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Photo by grandson
Glen Dietz about 1988


In memoriam

Eulogy by grandson-in-law Kenneth Westhues
at the Mass of Christian Burial,
St. Vincent de Paul Catholic Church, Mitchell, Ontario.
Published online in 2020


We give thanks for the life of Agnes Cecilia Connelly Ische.

Decades before almost any of us gathered here today ever felt the freshness of a Perth County spring, Aggie was feeling it, and being reminded thereby of her duty to get a garden in.

She was born at the original Connelly farm on October 18, 1908, the second of the thirteen children of Thomas Connelly and Elizabeth DeCourcey. As in the other Irish Catholic families of Logan Township in the harsh, premechanized era of modest means and limited possibilities, duty defined the way of life. Faithful, steady, uncomplaining work, especially in the garden and kitchen, was bred into Aggie's bones.

On November 4, 1930, just after her twenty-second birthday, Aggie was married to Howard Ische at St. Brigid's Church. They had one child, a daughter, Vera Colleen. The young family lived first in Moncton, then moved in the mid-1940s to the house on Montreal Street, from which Aggie seldom ventured very far, even after Howie's death in 1971.

Every spring for fifty years, Aggie fertilized, tilled, seeded and planted the same garden plot. Every summer she weeded it and doted on it. Every fall, it returned to her a bounty of potatoes, cucumbers, peppers, beans, and much more. These products of her work and fidelity formed the greater part of her diet year round, and she gave a lot away.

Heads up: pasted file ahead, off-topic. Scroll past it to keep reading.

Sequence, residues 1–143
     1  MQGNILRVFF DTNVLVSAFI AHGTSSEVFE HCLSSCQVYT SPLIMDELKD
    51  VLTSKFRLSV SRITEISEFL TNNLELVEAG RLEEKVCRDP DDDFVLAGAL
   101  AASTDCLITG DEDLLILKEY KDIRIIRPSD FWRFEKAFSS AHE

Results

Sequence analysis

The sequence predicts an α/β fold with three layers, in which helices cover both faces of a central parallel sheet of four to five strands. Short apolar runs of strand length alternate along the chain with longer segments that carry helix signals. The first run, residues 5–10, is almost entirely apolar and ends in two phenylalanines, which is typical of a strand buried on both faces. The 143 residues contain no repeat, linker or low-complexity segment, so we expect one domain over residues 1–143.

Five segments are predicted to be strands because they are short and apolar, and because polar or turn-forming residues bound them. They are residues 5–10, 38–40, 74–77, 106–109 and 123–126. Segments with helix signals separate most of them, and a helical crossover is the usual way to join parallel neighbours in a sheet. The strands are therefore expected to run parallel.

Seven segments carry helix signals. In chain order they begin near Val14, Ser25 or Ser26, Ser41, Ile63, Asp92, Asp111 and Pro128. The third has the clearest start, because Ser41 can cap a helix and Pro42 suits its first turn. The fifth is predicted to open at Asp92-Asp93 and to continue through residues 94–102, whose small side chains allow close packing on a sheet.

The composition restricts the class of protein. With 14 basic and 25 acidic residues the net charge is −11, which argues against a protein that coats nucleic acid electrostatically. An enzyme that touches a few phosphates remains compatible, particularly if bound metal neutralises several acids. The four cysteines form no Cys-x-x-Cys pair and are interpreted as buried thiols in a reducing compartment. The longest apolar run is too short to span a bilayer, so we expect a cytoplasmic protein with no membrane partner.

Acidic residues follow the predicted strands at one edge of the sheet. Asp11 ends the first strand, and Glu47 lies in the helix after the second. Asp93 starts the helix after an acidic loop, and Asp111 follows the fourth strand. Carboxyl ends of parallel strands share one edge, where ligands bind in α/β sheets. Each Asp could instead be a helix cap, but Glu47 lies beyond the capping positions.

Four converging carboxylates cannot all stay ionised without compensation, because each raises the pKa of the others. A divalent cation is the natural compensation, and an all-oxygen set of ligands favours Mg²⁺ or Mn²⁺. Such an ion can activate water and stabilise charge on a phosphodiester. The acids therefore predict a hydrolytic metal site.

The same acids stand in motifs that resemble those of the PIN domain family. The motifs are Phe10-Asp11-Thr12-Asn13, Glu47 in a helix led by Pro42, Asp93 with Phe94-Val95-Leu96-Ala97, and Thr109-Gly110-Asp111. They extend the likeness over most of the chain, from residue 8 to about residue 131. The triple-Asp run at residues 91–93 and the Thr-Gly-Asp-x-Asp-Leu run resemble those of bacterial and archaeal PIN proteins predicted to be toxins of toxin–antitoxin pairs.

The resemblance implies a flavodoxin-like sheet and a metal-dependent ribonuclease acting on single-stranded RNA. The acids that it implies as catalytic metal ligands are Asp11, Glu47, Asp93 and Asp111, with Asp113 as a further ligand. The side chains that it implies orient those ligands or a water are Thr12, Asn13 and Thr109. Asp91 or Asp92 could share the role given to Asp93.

This fall, as usual, she brought in the last of her tomatoes before frost. She showed them to us and gave us some just two months ago, and I saw how lovingly she arranged them in neat rows in the light of a basement window, touching them, turning them over and around, caressing them almost. The honest, unpretentious, down-to-earth fruits of her garden had a lot of Aggie in them.

On account of the constancy of her gardening and canning, we scarcely noticed the years creeping up on her. Neither did she. Returning last month from the hospital and finding it hard to get around, she exclaimed, "I didn't know I was getting old."

Vera and her husband, Bob Dietz, had six children: Paul, my wife Anne, Glen, Murray, Terry, and Rob. Aggie grandmothered them all. Socks she darned, sweaters and jackets she gave, all handed down from one to the next. She welcomed them for visits in Mitchell, and always, always made sure that they, like all visitors to her home, were well fed before they left. Even now they compare all Christmas cake to Aggie's Christmas cake, all jams to Aggie's jams.

Aggie's sense of duty extended to the Mitchell community, which she knew well through her many years at Edighoffer's Department Store, her membership in this parish, her euchre, dancing, and shopping trips uptown. A resident of the Mitchell Nursing Home told Anne last week that when somebody needed help, Aggie was among the first to be there.

Now that Aggie is gone, all the big pickle companies can breathe a sigh of relief, because her dills and bread-and-butters will no longer be around to put theirs to shame. The rest of us will feel the sadness of losing Aggie's faithful, reassuring presence.

On behalf of Vera and Bob, and all the grandchildren and their families, I thank you for joining us in this liturgy of thanksgiving for Aggie's life, and invite you to share a meal with us after Mass. On this occasion, what Aggie would want most of all, is that all of you are well fed before you leave. And thanks to Vera and Ethel this morning, Aggie's own pickles will be part of our meal.